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Did you know that 23% of the household emmissions of the average Australian home comes from water heating? A solar hot water unit with gas boosting (rather than electric) will go a long way to reducing your overall greenhouse gas emmissions. Websites for further information, & rebates for sustainable living are: 
www.livinggreener.gov.au

Your home technical manual,  www.yourhome.gov.au

www.climatechange.gov.au/government/programs-and-rebates

Alternative technology association,  
www.ata.org.au



 
What does 'sustainability' mean for my project?

These terms refer to the idea that we should design and build in a way that meets our needs without compromising the ability of future generations to meet their needs. The environment is one aspect of sustainability, some others include the economy and society. On a building project, being environmentally conscious means that we should be aware of things like: where materials are sourced from; that the design is energy efficient; that waste is reduced and/or recycled.

Some aspects of sustainability have already been incorporated into current building standards. All new homes and additions which are worth over $50,000 must meet minimum energy performance standards. This is determined by the BASIX assessment process, which looks at: the building materials being proposed; window sizing, type of window/door glass; sun shading; insulation levels; water use, etc. At the end of this process, you are given a BASIX certificate on your proposed building design, which must be adhered to during construction.

What do I need to consider to make my house into a 'Green building'?

A 'green building' is one that incorporates sustainable design practices. On a practical level, reducing energy consumption and making an energy efficient home makes sense due to the rising cost of electricity, which is what most of us use to heat/cool/power our homes.

  1. Passive design strategies: these are built-in features of your home design to provide thermal comfort and amenity by naturally heating or cooling the internal environment. These features include: building orientation and daylight (reduces power use); thermal mass (reduces internal temperature variation); insulation (reduces the rate of heat transfer through the building structure); external shading (reduces heat gain especially through glazing); cross ventilation (natural cooling effect); solar heating. It's important to remember that a 'passive' home requires an active occupant, meaning that the design works best if the occupants know when to open or close windows etc. The extent to which your home incorporates passive solar design depends largely on the decisions you and your architect make during the design process.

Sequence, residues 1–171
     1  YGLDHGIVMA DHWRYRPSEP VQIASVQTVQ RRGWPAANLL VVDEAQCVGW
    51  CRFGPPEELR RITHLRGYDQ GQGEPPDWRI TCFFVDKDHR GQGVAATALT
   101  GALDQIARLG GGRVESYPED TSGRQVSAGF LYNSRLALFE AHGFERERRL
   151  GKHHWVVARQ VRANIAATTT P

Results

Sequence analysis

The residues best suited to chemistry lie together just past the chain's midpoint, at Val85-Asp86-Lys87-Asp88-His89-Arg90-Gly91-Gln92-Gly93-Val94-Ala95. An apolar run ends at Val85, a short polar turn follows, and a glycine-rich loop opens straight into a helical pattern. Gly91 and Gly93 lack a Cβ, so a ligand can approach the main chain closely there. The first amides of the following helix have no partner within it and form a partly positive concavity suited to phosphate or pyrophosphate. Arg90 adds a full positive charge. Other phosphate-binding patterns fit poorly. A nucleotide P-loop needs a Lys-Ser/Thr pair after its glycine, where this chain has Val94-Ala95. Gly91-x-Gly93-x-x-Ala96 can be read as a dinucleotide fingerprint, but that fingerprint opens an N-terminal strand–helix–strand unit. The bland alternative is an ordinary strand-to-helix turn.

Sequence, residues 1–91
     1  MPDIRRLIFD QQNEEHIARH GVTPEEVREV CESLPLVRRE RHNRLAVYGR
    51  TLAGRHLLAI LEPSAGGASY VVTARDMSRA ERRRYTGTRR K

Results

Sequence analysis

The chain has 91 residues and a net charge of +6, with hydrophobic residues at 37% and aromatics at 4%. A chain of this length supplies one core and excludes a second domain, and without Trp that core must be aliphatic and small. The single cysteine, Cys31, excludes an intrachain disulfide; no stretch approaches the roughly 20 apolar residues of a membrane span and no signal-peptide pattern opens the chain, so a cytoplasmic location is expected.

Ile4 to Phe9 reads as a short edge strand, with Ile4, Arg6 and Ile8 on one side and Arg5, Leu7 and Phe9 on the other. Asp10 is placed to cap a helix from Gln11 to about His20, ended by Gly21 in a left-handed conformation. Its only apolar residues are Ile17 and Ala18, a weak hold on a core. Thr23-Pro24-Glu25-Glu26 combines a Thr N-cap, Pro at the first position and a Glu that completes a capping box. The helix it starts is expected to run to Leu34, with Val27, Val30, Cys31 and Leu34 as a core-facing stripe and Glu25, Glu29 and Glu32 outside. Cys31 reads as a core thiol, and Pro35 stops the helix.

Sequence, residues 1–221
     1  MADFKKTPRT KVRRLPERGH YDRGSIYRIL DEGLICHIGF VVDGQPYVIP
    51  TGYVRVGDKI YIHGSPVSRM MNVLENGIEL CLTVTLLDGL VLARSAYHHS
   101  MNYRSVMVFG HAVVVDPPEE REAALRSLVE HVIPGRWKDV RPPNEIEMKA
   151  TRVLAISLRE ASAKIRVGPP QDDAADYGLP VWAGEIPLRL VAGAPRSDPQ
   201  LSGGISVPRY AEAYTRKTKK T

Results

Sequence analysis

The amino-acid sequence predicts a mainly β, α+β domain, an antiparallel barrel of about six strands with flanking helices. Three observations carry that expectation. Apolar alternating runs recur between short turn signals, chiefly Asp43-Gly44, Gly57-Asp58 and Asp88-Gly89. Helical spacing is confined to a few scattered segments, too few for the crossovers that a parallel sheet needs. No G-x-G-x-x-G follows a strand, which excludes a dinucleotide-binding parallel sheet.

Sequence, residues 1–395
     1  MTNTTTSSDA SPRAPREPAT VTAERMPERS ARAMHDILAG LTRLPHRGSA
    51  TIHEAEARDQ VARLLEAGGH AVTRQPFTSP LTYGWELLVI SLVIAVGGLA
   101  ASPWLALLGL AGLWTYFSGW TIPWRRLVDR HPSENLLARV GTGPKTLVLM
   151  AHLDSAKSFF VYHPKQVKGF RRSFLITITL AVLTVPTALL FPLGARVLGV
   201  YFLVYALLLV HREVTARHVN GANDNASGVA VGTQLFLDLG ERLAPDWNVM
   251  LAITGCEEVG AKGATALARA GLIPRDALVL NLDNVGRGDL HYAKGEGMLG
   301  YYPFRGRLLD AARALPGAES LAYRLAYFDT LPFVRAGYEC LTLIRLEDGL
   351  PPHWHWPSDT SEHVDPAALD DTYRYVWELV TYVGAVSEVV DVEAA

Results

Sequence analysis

2. Overall energy consumption: energy consumption can be reduced by lifestyle adjustments (e.g. not leaving appliances on standby mode & switching them off at the powerpoint), or by selecting appliances with high star ratings for energy efficiency.

  3. CO2 emissions: reducing CO2 emissions is desirable in order to minimise man-made global warming and climate change. Consideration of building design measures that can cope with anticipated higher average temperatures or increases in the occurrence of natural weather events or disasters, e.g. storm/flood/inundation, is a cost-effective approach over the life of a building by reducing the cost of repairs after such events. 


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